In the immortal words of John “Jigsaw” Kramer, “I want to play a game.” That game, my dear stargazers, is Six Degrees of Kevin Bacon. Be it a multi-movie series, a celebrity birthday, or a film’s anniversary, I have various methods for selecting the films that are inducted into the vault. With Six Degrees, I’ll be challenged by you readers to select vault films that will link a celebrity of your choice to Kevin Bacon. Alternatively, you can choose to play Six Degrees Hold the Bacon by nominating two celebrities that I will have to connect through vault selections. My goal will be to think of as few films as possible to be reviewed to make the connection. My one stipulation is that in either version we play, you select celebrities that were cinematically active at some point between 1970 to 2010. This will ensure I stick to the loose vault guidelines laid out by my overlords (i.e. Kai and Dylan). Easy enough, right? I look forward to reading your challenges in the comments. In the meantime, in honor of the release of G.I. Joe: Retaliation, let’s smell what The Rock was cooking in March of 2009.
It’s not a good time to be Jack Bruno (Dwayne Johnson). He’s a cabbie in Vegas scratching out an honest living when the geeks start arriving en masse to the UFO Expo and irritating the piss out of him. To make matters worse, his old boss’s henchman are accosting him and then he finds a fare, two kids, waiting in his cab. The kids, Sara (AnnaSophia Robb) and Seth (Alexander Ludwig), are actually alien children who have landed on Earth to retrieve a data storage device that holds the key to saving both their world and ours. As government agents and an alien assassin track them, Bruno enlists the help of a UFO expert from the Expo, Dr. Alex Friedman (Carla Gugino), to help the kids return to their ship.
Kudos to Witch Mountain‘s actors; they all work hard to pull off story that’s thinner than the paper it’s printed on. The only other things working harder than the cast are the two buttons on Gugino’s blouse that are barely holding back her twins. While drooling during that all-too-brief scene, I could almost hear director Andy Fickman chastising wardrobe for endangering the film’s kid-friendliness. Bring on the zip-up jacket! No matter her attire, Gugino lights up in geeky glee and spouts astro-jargon like a nerdy pro. Opposite her, Dwayne Johnson is charismatic and manly with just enough scruff to affirm he’s down on his luck . Robb excels as the empathetic alien while Ludwig, who I’ve never seen before, delivers what I can only assume is a deliberately wooden performance.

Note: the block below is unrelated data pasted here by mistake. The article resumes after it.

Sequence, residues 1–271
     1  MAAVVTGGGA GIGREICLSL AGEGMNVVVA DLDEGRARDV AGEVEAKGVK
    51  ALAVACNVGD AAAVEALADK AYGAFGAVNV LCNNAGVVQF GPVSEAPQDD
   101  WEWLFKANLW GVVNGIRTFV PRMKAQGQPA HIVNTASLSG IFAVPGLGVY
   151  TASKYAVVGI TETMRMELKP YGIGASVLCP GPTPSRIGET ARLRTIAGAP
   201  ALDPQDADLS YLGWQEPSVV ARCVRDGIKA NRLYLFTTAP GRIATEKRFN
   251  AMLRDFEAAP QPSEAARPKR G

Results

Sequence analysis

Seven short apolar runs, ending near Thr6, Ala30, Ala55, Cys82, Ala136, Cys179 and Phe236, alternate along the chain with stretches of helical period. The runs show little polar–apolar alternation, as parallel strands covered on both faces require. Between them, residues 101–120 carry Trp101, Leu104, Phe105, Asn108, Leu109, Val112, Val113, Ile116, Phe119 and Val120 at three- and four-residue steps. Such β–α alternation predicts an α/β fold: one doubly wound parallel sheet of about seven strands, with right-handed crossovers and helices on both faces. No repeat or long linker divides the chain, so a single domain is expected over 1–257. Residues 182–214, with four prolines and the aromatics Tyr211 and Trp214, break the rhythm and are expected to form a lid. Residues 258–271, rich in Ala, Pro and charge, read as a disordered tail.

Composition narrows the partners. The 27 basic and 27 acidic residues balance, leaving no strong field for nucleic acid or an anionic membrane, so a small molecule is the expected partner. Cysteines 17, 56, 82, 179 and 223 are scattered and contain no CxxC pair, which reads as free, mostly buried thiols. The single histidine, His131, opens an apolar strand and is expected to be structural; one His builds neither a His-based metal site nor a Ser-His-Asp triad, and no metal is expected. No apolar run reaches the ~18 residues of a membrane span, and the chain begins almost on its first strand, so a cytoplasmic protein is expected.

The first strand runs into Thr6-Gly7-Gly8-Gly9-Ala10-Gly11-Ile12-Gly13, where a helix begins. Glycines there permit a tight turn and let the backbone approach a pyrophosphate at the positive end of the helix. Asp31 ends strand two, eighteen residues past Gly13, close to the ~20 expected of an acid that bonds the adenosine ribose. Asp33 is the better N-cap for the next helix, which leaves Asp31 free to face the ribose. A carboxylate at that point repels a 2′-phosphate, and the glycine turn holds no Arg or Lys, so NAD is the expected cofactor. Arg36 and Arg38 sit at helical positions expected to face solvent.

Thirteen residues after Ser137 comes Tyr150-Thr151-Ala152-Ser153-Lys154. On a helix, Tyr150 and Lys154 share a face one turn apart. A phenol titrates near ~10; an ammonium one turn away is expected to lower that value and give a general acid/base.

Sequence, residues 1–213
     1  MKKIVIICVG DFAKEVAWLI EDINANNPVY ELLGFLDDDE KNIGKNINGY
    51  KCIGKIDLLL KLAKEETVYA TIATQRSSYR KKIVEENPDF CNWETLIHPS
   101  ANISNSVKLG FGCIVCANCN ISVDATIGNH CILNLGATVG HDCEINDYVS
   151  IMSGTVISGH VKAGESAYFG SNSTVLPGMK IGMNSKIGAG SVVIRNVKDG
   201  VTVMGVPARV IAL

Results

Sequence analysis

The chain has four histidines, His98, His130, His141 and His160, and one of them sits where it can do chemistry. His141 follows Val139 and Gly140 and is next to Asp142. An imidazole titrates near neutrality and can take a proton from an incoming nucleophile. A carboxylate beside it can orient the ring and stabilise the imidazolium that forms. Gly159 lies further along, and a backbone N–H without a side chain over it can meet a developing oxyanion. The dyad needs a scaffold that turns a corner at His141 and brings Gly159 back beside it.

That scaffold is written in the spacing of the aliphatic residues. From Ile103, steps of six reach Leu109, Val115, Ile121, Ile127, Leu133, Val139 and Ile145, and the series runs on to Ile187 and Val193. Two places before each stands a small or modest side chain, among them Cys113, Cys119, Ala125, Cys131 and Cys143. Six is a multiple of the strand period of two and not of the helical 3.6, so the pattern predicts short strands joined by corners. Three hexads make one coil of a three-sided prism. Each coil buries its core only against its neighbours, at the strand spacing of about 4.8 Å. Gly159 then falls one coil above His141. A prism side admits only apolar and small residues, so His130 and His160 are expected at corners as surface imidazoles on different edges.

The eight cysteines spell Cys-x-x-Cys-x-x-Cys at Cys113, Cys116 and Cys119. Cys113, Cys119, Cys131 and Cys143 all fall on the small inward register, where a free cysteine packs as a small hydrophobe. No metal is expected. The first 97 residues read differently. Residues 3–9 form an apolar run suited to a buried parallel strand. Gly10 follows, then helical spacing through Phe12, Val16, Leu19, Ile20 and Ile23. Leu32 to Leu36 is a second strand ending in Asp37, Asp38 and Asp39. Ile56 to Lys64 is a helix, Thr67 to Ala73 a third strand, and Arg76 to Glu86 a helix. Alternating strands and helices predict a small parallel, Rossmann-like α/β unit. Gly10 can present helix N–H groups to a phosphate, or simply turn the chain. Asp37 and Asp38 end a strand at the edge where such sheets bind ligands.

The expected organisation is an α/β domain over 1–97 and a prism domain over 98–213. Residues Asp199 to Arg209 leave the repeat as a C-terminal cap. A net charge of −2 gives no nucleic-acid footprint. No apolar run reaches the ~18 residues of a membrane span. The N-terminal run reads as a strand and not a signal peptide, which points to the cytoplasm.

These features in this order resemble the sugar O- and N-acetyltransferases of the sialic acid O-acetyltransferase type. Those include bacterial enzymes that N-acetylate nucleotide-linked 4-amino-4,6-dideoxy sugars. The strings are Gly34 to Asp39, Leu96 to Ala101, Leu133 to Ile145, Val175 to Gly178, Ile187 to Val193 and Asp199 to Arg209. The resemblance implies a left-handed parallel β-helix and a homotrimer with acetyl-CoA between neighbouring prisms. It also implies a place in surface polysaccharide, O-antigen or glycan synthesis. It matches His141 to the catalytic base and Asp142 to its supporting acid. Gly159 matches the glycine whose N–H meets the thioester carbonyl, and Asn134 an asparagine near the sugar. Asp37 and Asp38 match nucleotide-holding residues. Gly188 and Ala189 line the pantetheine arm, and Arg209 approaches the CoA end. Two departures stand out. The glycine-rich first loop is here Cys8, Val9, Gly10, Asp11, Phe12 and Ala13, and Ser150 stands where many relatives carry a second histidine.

Witch Mountain screws the pooch by taking the “race” concept to the extreme. Amazingly efficient government agents chase and corner the kids at every turn yet repeatedly fumble their apprehension. The uber-powered alien assassin stalks the kids through a flame-engulfed underground cavern, but the bright yellow cab on the lonely desert highway somehow eludes its detection. Bruno’s totally unnecessary subplot rears its ugly head as his old boss’s henchmen return to add yet another level of complexity to the chase story. It’s a dizzying onslaught of explosions, crashes and fights that feels like you’re in a theme-park simulator, except the seats don’t move and spray water. I wanted all the flurry and bustle to stop so I could walk out and vomit.
Being able to ogle Johnson and Gugino in their too-small tops is the only thing that kept my absolute disgust and disinterest in check. Fickman passes up a couple of golden opportunities to have Dwayne go shirtless, but I’m guessing his tattoos were also considered less-than-family-friendly. Still, Johnson flexes his guns, throws a few good punches, and fires that winning smile like audiences have come to expect. Its sparkle is almost enough to make us forget how weak Race to Witch Mountain is… almost.
The cool effects and whirlwind pace of Race to Witch Mountain will mesmerize kiddies amped up on the salty-sugar infusion of popcorn and soda. However, more seasoned moviegoers will notice the plotholes are more vast than the Nevada desert. Sometimes pretty faces are just the type of diversion audiences need. This time, we needed to be a helluva lot more.